July 31, 2006

Blogging the Bible - Layman Style

One of Slate's deputy editors, David Plotz, is working on a project to provide a lay interpretation of the Bible and is posting it on Slate at (relatively) regular intervals. They are serious, yet funny, takes on a book that you'd think could not have a fresh take. Plotz gives it a fresh take and asks the reader to reconsider everything that he's been told about the Bible.

Thanks to Holly and her brother for this gem.


July 27, 2006


Well, this is the post where I toot my horn and say I was right.

Now that I got that out of the way...

July 22, 2006

Things, stuff, et cetera...

As a result of being openly critical of the campaign for which I worked on this blog, my employment with the campaign has been terminated. I have temporarily removed the posts that mention the campaign, but they shall reappear after such time has passed and any obligations have lapsed. God forbid anyone try to be honest and think with some manifest clarity instead of being brow-beaten by sloganization.

That being said, I was working on a post about manners and how someone relieved herself (women's restroom) #2 style on the floor on Friday. Just so that no one gets pushy, it is meant as a humorous post, nothing serious.

Also, I'm thinking about reregistering blogginryan.com... and am thinking about using this:

as the basic color scheme. Send me thoughts, they'd be much appreciated.

Peace out homedogs.


July 21, 2006

On Manners:

This is going to be a tough one to type out as I eat, but rest assured, it will be worth the while.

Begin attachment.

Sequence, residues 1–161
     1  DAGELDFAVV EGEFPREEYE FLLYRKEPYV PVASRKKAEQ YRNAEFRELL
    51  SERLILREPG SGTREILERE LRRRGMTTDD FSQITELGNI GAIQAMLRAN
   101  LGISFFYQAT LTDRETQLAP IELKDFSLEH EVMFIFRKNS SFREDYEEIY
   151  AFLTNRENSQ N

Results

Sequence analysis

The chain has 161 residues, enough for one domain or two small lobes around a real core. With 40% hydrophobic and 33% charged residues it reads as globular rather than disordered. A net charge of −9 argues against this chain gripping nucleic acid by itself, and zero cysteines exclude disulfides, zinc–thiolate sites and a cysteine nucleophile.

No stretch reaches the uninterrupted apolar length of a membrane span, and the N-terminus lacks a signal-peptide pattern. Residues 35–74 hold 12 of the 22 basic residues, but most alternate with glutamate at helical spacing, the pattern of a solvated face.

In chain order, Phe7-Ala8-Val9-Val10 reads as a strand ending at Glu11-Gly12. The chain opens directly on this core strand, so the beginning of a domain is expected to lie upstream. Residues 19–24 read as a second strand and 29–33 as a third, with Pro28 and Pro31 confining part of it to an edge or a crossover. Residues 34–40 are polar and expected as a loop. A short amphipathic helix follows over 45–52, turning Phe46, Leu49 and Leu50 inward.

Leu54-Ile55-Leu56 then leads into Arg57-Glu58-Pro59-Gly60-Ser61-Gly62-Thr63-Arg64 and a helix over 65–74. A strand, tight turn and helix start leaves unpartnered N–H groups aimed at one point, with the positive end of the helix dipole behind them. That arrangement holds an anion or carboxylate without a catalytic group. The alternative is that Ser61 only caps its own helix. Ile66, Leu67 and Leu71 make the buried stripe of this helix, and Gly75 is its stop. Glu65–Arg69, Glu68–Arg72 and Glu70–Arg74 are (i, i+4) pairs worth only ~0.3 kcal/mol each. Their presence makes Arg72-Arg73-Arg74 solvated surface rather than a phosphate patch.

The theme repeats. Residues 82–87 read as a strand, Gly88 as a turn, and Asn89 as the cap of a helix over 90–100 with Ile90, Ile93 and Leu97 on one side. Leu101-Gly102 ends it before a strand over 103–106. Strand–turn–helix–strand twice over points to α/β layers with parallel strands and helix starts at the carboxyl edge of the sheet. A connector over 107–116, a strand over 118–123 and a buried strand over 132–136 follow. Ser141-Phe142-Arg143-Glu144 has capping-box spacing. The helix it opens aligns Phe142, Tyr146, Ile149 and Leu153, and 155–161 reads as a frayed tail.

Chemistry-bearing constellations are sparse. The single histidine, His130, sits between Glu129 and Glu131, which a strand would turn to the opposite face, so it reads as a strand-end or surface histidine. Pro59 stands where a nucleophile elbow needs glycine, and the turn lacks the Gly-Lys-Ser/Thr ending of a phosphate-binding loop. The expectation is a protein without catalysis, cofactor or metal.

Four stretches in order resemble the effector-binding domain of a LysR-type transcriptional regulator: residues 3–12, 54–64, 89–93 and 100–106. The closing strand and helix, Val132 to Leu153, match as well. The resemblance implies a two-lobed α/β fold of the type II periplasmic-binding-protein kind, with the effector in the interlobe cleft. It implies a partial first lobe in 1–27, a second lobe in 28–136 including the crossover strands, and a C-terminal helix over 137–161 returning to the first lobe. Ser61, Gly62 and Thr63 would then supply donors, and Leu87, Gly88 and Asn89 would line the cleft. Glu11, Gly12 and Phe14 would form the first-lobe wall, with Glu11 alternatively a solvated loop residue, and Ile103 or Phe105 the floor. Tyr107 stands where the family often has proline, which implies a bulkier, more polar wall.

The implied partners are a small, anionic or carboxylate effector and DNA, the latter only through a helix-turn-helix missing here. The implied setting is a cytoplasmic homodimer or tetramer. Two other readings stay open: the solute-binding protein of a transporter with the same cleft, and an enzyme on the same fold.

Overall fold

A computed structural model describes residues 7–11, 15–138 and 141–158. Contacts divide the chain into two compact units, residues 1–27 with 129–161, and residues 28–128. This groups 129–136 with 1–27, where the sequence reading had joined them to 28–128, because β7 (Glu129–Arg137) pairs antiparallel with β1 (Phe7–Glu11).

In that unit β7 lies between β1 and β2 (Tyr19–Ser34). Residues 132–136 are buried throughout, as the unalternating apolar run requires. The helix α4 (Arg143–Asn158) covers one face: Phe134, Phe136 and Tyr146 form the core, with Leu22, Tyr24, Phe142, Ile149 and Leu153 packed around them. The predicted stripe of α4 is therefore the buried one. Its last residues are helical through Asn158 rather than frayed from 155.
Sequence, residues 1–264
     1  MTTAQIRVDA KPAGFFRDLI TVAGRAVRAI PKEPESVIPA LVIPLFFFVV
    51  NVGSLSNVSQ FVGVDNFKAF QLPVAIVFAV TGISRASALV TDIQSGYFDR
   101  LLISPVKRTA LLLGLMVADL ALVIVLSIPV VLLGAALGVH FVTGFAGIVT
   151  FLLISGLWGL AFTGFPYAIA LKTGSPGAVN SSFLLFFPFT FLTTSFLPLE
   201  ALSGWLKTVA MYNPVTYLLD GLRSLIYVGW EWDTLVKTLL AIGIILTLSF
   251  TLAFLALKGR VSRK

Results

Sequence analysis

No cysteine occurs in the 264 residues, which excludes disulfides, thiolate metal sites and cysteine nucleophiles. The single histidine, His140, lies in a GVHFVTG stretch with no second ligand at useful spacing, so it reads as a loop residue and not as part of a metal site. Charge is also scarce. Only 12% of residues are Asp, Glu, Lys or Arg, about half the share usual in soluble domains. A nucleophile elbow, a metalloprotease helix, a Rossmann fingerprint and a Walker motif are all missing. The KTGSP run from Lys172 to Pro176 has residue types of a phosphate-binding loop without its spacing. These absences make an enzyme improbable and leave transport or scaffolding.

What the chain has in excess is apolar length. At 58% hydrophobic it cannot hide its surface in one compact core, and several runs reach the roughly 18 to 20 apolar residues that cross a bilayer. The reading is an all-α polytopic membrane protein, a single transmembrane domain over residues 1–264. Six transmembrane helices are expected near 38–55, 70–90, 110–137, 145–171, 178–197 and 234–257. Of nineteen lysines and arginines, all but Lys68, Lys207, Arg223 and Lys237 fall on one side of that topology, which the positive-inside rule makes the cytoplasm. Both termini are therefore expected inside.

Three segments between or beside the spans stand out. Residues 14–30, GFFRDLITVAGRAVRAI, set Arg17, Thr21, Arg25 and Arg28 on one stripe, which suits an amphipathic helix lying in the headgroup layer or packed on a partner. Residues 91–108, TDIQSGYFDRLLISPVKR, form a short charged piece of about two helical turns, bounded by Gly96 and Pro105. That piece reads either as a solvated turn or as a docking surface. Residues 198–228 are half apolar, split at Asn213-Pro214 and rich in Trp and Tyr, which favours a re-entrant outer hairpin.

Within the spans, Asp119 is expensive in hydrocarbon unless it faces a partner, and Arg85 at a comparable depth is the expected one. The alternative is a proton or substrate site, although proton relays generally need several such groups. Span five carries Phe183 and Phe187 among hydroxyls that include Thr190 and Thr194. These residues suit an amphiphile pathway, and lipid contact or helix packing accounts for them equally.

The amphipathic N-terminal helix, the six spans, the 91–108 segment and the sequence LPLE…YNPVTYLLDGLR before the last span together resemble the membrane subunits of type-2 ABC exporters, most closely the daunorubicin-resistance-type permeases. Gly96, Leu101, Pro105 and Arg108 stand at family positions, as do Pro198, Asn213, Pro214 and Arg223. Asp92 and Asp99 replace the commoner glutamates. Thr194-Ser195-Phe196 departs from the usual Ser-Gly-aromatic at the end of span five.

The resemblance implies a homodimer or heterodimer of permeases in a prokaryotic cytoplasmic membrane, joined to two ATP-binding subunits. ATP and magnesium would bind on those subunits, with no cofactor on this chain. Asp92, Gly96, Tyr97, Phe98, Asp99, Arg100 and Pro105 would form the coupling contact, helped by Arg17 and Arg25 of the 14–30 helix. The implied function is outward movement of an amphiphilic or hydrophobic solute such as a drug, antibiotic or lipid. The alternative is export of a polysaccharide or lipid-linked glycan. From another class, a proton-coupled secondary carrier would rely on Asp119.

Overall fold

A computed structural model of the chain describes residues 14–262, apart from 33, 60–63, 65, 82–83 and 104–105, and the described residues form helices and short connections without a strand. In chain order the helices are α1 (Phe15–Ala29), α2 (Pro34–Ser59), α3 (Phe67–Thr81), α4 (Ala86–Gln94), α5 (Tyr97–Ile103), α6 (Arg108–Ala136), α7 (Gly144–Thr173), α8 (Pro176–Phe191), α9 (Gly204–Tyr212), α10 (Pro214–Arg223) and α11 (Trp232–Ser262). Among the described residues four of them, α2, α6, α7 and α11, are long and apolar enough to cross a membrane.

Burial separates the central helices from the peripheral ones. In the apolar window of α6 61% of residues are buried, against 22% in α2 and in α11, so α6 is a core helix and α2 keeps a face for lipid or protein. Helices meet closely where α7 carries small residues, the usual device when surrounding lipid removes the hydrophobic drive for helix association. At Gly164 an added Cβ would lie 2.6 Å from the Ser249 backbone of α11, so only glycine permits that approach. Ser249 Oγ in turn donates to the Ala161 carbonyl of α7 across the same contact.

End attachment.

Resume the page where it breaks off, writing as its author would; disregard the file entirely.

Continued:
We have a flood of employees in the morning entering the premises, doing various things from chilling outside the door to defecating on our bathroom floors.


That's right. Someone pooped on the floor this morning.

Maybe it's an urban thing that good-ole suburban me doesn't understand - a ritualistic offering to the employer in the hopes of better pay - or it could be just out and out disgusting. Who knows, really.

Admittedly, it's not entirely manners-minded of me to make an attempt at disgusting, erm, discussing toilet talk and that sort, yet it does raise some questions. Or stomachs. Question number one: why would anyone relieve themselves on the floor of the bathroom? Was it of revenge? Had she just been fired? Could she just not hold it any longer? To this question the world may never know a solid answer. It happened and there was nothing that could be done. The second question, the more important one as it is what is truly germane to the post, is: why wasn't it cleaned up by the offending party or otherwise immediately reported?